The Consequences

Pronouncements like this have led to a frantic need to file on the first day, so that the cap is not missed. The problem is that this artificial season does not necessarily meet the hiring cycles for US business and employers. In other words, US business employment practices are artificially constrained by the necessity to tailor employment hiring practices to coincide with a start on April 1. Depending on the industry, employers hire throughout the year, varying with the ebbs and flow of business.

The Takeaway

Immigration reform proposed by the 8 Senators has a more realistic view of the business world — i.e. releasing visas as the demand grows, in a stepped up basis. Now that we are talking about the ‘reality’ on the ground for employers and business, could we have a more realistic PERM labor system? I know, if wishes were horses…. But I can dream the immigration dream, can’t I?

See you in my next blog.

Nalini S Mahadevan, JD, MBA
Immigration Attorney
Lowenbaum Partnership, LLC
St. Louis, Missouri

The information is not meant to create a client-attorney relationship. This blog is for informational purposes only, and is not a substitute for legal advice. Situations may differ based on the facts.

Tara Mahadevan

Copyright 2013. All rights reserved.

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Information Sharing Between Canada and the US

On December 13, 2012, US Ambassador to Canada, David Jacobson, and the Canadian Minister of Citizenship, Immigration and Multiculturalism Jason Kenney signed a US-Canada Visa and Immigration Information-Sharing Agreement.

The agreement stipulates that the US and Canada are allowed to share information that concerns third country nationals who are applicants for visa or permit to visit the US and Canada. Such sharing will assist in safeguarding and protecting the security of Canadians and Americans, while promoting travel and business. Additionally, information sharing will cultivate improved decision-making by the two countries: visa applicants will be better screened and risks will be identified more quickly. It will also aid both countries in identifying terrorists, violent criminals and those who are a danger to the respective countries. Officers working in both immigration and refugee protection sectors will be given ample information about all applicants.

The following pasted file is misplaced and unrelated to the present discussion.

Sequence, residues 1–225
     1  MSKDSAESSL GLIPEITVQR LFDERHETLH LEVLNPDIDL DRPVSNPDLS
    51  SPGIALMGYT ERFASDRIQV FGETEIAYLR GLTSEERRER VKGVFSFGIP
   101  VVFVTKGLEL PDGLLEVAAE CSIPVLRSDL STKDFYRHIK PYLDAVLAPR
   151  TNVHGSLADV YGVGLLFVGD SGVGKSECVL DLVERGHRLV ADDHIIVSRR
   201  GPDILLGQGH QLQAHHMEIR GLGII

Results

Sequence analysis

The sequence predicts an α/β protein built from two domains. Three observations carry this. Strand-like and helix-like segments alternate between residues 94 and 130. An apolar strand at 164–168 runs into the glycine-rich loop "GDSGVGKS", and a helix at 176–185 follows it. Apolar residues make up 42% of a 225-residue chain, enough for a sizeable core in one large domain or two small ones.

The US and Canada have the ability to send an automated request for data to each other, in the even that a third country national applies to either country for a visa or asylum. A request will normally have specific information; biographic information would include name and date of birth, whereas biometric sharing would include an anonymous fingerprint. If any information corresponds with a former applicant, then immigration information — such as if a person already applied for a visa and was refused, or was deported from the country — can be shared between the two countries.

Biographic immigration information sharing will begin in 2013, while biometric sharing will begin in 2014.

See you in my next blog.

Nalini S Mahadevan, JD, MBA
Immigration Attorney
Lowenbaum Partnership, LLC
St. Louis, Missouri

The information is not meant to create a client-attorney relationship. This blog is for informational purposes only, and is not a substitute for legal advice. Situations may differ based on the facts.

Tara Mahadevan

Copyright 2013. All rights reserved.